Melanoma is the most serious form of skin cancer and the most common cancer in young adults. Around 13,000 new cases are diagnosed every year in the UK and around 3,000 patients will die from this disease. Melanoma is a public health problem, with incidence increasing faster than for any other type of cancer.
Melanoma is resistant to conventional treatment with cytotoxic chemotherapy and radiotherapy. In the last few years, research partnerships involving scientists, clinicians, patients and pharmaceutical companies have led to identification of new, effective drug treatments and genetic biomarkers predicting those likely to benefit from specific treatments.
The Cambridge melanoma specialists provide a regional and supra-regional research-based specialist service, offering patients entry into local, national and international trials and research studies, enabling access to state-of-the-art treatments and technologies designed to improve outcomes.
This is a CRUK-funded, national, multicentre randomised trial to evaluate the role of bevacizumab – a monoclonal antibody targeting vascular endothelial growth factor – as an adjuvant treatment for patients with resected melanoma at high risk of recurrence. AVAST-M is co-ordinated from Cambridge and is one of the largest adjuvant melanoma trials conducted to date.
Between 2007 and 2012, 1,343 patients were recruited and the interim analysis published in 2013 identified a statistically significant improvement in disease-free interval in the bevacizumab arm. The final overall survival analysis is expected in 2017. Analyses are currently being undertaken on tissue and blood collected from over 700 patients recruited to AVAST-M, to identify potential response biomarkers. The trial protocol is available here as a pdf.
This is a local collaboration involving the Cambridge Cancer Centre and the Wellcome Sanger Institute, investigating response and resistance to molecular targeted treatments using next generation sequencing of tissue and blood samples from patients prior to and on relapse from drug treatment. This collaboration is being extended to other sites including Oxford, Norwich, Mount Vernon and Zurich, Switzerland.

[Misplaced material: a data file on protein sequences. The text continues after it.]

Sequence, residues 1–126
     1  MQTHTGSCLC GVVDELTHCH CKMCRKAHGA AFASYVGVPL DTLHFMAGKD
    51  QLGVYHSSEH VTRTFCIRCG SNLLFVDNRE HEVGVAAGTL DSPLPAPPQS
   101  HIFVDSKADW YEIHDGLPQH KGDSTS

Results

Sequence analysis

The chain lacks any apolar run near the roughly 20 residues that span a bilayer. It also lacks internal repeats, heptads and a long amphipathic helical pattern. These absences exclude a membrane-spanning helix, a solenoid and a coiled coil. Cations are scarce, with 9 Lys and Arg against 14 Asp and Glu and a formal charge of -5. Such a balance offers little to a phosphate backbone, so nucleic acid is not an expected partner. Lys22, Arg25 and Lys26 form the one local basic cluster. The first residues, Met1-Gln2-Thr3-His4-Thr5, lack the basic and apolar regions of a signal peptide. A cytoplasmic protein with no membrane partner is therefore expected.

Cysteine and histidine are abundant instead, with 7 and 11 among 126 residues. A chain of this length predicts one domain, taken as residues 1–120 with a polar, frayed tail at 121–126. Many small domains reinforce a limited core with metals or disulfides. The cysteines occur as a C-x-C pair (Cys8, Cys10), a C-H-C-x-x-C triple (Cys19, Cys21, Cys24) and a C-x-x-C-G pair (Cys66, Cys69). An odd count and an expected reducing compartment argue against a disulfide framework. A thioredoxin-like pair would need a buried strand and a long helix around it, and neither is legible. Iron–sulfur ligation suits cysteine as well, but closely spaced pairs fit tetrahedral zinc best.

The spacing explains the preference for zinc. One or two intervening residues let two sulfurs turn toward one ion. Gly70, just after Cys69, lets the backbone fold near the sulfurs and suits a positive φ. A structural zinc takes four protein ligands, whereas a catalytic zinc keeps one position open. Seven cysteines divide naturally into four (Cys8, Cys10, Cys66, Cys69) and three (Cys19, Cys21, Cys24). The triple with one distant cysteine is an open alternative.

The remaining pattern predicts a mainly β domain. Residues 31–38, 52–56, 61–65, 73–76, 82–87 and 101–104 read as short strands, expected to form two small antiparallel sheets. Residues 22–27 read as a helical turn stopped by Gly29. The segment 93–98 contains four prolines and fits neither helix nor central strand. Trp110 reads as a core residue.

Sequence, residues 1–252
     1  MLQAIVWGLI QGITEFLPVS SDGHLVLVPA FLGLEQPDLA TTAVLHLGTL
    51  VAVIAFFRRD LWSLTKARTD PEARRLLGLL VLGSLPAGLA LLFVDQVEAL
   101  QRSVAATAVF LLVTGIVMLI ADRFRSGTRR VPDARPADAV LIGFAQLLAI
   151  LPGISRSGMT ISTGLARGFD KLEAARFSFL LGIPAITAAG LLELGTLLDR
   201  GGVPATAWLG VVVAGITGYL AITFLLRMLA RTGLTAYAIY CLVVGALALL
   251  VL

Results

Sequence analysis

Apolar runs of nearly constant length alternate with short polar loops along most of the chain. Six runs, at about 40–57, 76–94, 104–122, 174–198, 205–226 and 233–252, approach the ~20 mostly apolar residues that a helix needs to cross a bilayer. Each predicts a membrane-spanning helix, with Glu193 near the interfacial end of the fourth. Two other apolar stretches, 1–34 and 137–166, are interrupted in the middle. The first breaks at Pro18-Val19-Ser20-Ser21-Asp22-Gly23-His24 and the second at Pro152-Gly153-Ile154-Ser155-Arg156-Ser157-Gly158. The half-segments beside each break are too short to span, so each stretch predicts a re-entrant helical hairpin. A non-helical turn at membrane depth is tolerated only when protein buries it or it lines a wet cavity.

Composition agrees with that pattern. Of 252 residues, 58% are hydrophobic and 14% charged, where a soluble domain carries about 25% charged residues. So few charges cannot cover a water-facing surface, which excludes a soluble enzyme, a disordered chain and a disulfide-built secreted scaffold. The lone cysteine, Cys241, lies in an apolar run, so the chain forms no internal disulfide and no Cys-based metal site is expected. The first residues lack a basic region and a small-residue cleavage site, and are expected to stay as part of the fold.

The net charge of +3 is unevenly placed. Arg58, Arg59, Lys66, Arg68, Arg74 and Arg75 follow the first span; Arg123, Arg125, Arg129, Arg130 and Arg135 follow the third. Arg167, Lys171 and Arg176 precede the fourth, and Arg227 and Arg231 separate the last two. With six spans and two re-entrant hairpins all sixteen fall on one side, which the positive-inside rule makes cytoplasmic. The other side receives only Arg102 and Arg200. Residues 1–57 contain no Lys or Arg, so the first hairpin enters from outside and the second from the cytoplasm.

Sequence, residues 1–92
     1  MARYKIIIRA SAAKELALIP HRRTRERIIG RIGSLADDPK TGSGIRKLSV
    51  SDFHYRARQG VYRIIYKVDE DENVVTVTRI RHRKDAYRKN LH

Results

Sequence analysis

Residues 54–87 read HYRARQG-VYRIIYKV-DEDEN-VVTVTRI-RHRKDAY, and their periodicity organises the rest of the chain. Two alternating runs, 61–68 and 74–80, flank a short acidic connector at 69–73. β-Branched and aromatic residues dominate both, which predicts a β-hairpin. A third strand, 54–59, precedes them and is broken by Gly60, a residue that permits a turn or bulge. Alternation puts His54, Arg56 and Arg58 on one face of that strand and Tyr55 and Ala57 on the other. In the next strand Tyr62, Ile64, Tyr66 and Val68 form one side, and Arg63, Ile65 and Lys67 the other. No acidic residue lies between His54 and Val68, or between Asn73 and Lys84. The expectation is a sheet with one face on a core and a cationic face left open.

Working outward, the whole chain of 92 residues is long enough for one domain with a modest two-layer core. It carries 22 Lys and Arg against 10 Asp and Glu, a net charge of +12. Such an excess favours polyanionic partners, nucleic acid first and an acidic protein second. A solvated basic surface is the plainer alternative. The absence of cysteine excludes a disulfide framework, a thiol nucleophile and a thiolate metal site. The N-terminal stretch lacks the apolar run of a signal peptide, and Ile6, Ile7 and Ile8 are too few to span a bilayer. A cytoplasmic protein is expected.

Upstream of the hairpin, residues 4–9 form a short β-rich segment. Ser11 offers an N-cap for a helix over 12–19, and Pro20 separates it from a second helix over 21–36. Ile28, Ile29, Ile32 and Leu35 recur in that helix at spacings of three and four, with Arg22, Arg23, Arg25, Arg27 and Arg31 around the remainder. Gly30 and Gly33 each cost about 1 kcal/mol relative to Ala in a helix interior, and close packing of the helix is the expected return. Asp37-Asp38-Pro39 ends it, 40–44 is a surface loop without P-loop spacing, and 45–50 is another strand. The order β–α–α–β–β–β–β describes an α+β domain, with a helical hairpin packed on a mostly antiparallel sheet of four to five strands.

Current open trials in Cambridge
The table below lists the current open trials for melanoma coordinated by the Cambridge Cancer Trials Centre (last updated January 2016).
|Trial name||Trial description||Contact|
|An Open-Label, Phase 1, Dose Escalation Study of MLN2480 in Patients with Relapsed or Refractory Solid Tumors Followed by a Dose Expansion Phase in Patients With Unresectable Melanoma.||An Open-Label, Phase 1, Dose Escalation Study of MLN2480 in Patients with Relapsed or Refractory Solid Tumors Followed by a Dose Expansion Phase in Patients With Unresectable Melanoma.||Dr Pippa Corrie|
|EORTC 18081 - Adjuvant Pegylated Interferon in Ulcerated Melanoma||Adjuvant peginterferon alfa-2b for 2 years vs Observation in patients with an ulcerated primary cutaneous melanoma with T(2-4) bN0M0: a randomized phase III trial of the EORTC Melanoma Group.||Dr Pippa Corrie|
|MelResist: Investigating resistance to gene-targeted melanoma therapies||Melanoma is a highly aggressive cancer which invades and spreads early and is resistant to conventional treatments such as chemotherapy and radiotherapy. Around 50% of melanoma cells harbour a mutation in the BRAF gene. Despite some recent success with new cancer drugs targeting the BRAF pathway, drug resistance is a significant problem, so long term benefit remains uncertain. There is increasing evidence that genomic events are involved in the development of drug resistance in particular in the context of the new BRAF and MEK inhibitors currently entering the clinic. We will collect fresh tissue (both tumour and blood) from melanoma patients receiving new gene targeted drugs. The samples will be analysed to determine changes in genes thought to be responsible for drug resistance. The aims of the study are to investigate the mechanisms underlying resistance with the long term aim of developing new improved therapeutic strategies for melanoma. In addition, the study will explore the ability to identify tumour DNA in plasma of patients undergoing treatment for melanoma as a novel, non-invasive method to monitor patient outcome or tumour response.||Dr Pippa Corrie|
|SelPac||A Randomised three-arm, open label, Phase II study of continuous Selumetinib versus continuous or interrupted Selumetinib in combination with weekly Paclitaxel in Metastatic Uveal Melanoma||Dr Pippa Corrie|
|WBRT post local treatment in melanoma study||Whole Brain Radiotherapy following local treatment of intracranial metastases of melanoma – a randomised phase III trial||Dr Pippa Corrie|
If you would like further information about how to take part in any of the clinical trials listed here, please talk to your cancer specialist as patients usually need to be referred by their doctor.